Magazine article Black Enterprise

Take Two Herbal Tronics and Call Me in the Morning: Holistic Treatment Are as a Medical Alternative. Here's What You Need to Know

Magazine article Black Enterprise

Take Two Herbal Tronics and Call Me in the Morning: Holistic Treatment Are as a Medical Alternative. Here's What You Need to Know

Article excerpt

AS AN OVERWEIGHT CHILD, JEFFREY Banks endured years of ridicule and rejection. By the time he reached his senior year of high school, he weighed 400 pounds and was diagnosed with Type It diabetes.

"I remember the morning that it happened. I was rushing to get to school when, all of a sudden, I got a severe pain in my stomach. My mother rushed me to the emergency room, where I was told that my blood sugar was so high, I could have died," recalls Banks, now 30. "Doctors told me that I could reverse the diabetes by losing weight, but to me that was like a pipe dream because I hadn't seen anybody lose the amount of weight that I was caring around. It just didn't seem possible."

Encouraged that he could still live a normal life with the right medication, Banks took his daily insulin injections and diabetic pills to stabilize his blood sugar level. He graduated from college, worked as a substitute teacher for several years, and eventually started his own events planning and promotion business. But after gaining nearly another 100 pounds, Banks began to feel as if the medicine was perpetuating his illness, as he would eat to keep his blood sugar up, but then have no practical way of managing his weight.

He briefly considered gastric bypass surgery after trying a number of yo-yo diets, but opted against it after a bariatric surgeon suggested he lose the weight naturally. It was then that Banks partnered with his friend, a personal trainer, to try and shed some pounds from his 6-foot 3-inch frame. But irregularity in his routine thwarted any progress he might have made. By 2004 Banks was 525 pounds, making him a prime candidate for a heart attack

"I was slowing down so I knew that I had to make a change. I just didn't know how the change was going to come, so I prayed that God would make the resources available for me to lose the weight successfully and He did," Banks says.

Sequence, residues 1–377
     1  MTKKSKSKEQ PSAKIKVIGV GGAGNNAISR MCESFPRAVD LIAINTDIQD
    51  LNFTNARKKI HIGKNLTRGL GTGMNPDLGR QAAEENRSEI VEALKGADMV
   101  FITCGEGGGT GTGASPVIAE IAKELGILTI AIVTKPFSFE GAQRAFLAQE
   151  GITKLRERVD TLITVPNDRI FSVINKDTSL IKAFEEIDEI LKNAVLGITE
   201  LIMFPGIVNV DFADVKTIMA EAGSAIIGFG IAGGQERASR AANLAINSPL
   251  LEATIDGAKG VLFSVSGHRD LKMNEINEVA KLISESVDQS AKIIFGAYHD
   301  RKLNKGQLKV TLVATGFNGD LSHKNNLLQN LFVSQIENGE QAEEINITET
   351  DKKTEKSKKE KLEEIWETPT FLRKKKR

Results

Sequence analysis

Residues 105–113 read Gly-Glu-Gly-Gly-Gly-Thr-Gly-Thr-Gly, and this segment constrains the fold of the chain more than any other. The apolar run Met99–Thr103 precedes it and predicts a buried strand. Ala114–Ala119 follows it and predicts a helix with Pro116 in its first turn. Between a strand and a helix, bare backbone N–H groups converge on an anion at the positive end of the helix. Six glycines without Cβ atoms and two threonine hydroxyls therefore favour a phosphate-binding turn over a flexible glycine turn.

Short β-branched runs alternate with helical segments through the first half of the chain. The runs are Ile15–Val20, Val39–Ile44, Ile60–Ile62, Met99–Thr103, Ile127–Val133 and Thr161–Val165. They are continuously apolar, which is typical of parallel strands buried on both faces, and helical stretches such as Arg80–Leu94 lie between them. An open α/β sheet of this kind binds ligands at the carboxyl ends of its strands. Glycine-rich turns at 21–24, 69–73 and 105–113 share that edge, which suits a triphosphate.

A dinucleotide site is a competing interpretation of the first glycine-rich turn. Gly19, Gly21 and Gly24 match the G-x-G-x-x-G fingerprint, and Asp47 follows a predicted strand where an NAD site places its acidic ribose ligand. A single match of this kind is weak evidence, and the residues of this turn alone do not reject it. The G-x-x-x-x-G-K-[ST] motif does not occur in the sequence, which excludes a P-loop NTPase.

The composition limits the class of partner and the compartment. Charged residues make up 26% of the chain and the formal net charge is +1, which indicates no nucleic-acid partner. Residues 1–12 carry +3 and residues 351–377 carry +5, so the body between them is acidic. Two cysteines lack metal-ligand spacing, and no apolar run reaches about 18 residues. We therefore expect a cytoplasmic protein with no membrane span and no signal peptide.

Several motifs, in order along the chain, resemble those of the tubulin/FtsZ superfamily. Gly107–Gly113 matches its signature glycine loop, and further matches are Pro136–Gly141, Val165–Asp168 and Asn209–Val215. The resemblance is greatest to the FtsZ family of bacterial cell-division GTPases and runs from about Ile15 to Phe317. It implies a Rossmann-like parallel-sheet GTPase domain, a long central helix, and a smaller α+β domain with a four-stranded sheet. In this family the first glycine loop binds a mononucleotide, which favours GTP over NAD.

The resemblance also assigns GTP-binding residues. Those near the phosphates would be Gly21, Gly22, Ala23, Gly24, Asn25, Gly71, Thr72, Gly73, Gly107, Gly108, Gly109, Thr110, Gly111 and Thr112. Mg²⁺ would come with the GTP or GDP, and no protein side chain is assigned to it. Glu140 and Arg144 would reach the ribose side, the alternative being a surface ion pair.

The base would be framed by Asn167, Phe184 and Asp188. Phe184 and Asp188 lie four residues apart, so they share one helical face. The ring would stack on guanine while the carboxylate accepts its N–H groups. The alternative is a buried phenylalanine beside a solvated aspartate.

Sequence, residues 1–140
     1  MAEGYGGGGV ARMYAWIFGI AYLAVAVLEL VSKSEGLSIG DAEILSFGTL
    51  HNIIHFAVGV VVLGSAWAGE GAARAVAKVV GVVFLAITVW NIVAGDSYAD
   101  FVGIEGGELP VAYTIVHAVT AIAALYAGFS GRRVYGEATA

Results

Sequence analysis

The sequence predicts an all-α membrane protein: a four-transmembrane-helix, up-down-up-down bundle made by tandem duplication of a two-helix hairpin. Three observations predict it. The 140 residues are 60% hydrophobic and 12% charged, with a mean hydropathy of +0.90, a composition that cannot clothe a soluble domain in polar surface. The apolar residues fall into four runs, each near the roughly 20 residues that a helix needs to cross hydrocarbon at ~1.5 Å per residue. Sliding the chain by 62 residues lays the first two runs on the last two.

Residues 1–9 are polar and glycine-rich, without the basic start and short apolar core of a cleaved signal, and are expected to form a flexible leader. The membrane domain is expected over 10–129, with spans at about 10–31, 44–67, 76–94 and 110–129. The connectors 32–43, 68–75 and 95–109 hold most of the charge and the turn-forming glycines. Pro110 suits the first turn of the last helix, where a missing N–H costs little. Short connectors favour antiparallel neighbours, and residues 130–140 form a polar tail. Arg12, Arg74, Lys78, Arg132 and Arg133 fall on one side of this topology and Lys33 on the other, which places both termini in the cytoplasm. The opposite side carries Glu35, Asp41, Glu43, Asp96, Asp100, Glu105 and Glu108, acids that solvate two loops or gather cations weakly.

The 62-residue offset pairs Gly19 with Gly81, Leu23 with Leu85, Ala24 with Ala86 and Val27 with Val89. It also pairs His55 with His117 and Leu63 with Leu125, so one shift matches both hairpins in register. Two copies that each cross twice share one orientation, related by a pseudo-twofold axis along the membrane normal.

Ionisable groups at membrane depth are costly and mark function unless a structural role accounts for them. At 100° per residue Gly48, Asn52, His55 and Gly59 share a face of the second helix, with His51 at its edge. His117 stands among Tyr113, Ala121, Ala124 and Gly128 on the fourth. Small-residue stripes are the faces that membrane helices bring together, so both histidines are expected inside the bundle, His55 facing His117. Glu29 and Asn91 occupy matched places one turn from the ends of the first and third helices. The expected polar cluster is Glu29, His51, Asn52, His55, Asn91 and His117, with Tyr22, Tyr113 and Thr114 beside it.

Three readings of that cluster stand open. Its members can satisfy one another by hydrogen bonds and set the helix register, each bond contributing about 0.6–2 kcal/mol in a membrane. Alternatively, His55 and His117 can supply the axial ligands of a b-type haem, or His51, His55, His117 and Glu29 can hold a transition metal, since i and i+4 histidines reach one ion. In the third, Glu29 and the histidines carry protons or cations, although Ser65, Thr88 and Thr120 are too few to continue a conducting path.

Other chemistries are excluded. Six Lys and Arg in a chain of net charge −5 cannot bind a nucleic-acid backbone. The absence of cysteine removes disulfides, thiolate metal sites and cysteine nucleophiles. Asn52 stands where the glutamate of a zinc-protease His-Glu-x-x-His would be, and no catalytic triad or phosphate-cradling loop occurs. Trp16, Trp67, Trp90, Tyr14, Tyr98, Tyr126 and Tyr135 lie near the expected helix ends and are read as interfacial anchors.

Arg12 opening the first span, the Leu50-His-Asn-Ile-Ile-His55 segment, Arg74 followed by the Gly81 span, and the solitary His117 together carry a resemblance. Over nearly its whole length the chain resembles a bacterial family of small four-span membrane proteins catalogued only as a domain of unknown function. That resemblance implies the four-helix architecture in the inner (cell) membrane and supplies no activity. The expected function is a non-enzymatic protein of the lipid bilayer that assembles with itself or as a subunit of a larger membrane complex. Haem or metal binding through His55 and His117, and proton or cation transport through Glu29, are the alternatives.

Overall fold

Through his personal trainer, Banks met Dr. Andrea Pennington, a holistic practitioner and founder of the Pennington Institute for Health & Wellness in Silver Spring, Maryland. The institute blends traditional medicine with holistic therapies such as acupuncture, therapeutic touch, and massage therapy.

Banks enrolled in the Life Transformation Makeover program, where he learned what to eat and how often. He worked with a personal trainer and underwent acupuncture to help suppress his appetite. Banks lost 200 pounds in eight months and reversed his 12year history of diabetes. He no longer takes insulin or oral medications. "I was 300 pounds by the time I was 13, so I had a lot of rejection growing up. I had dating challenges and dealt with a lot of insecurities, so I ate because it was a way of feeling good. Of course, at the time I didn't realize that my eating was tied to wanting to be comforted, but the acupuncture allowed me to relax, really focus on myself and get to the heart of the matter, rather than just focusing on eating," he says. "Now I'm not saying that if you just get acupuncture you will lose weight, because it's not going to work that way. It's a piece of the holistic puzzle that when used in conjunction with everything else is good."

Like Banks, millions in search of alternative therapy visit holistic practitioners for everything from allergies and irritable bowel syndrome to depression, infertility, and cancer. But how safe or effective are holistic practices compared to traditional medical applications? And how does one find and choose an appropriate holistic practitioner?

Holistic medicine is an ancient healing approach that emphasizes the connection between mind, body, and spirit. Treatment isn't isolated to one area of the body. Aspects such as diet, emotions, environment, and even relationships must be considered for true healing to occur.

Holistic therapies, which break in theory and practice from traditional medical treatments, are often referred to as complementary and alternative medicine (CAM) and are typically divided into five categories: biologically-based, which focuses on herbs, vitamins, or special diets; body-based, which includes methods such as massage or osteopathy (a system where the relationship between the body's nerves, muscles, bones, and organs is emphasized); mind-body healing, which involves prayer, meditation, and music therapy; alternative medical systems such as Ayurveda, an ancient Indian system of preventive healthcare such as acupuncture, naturopathy (using food and exercise as treatment), and homeopathy (all-natural plant, animal, or mineral treatments); and energy medicine that taps into the body's energy fields, such as therapeutic touch and Reiki (the Japanese technique involving the laying on of hands to channel energy). …

Search by... Author
Show... All Results Primary Sources Peer-reviewed


An unknown error has occurred. Please click the button below to reload the page. If the problem persists, please try again in a little while.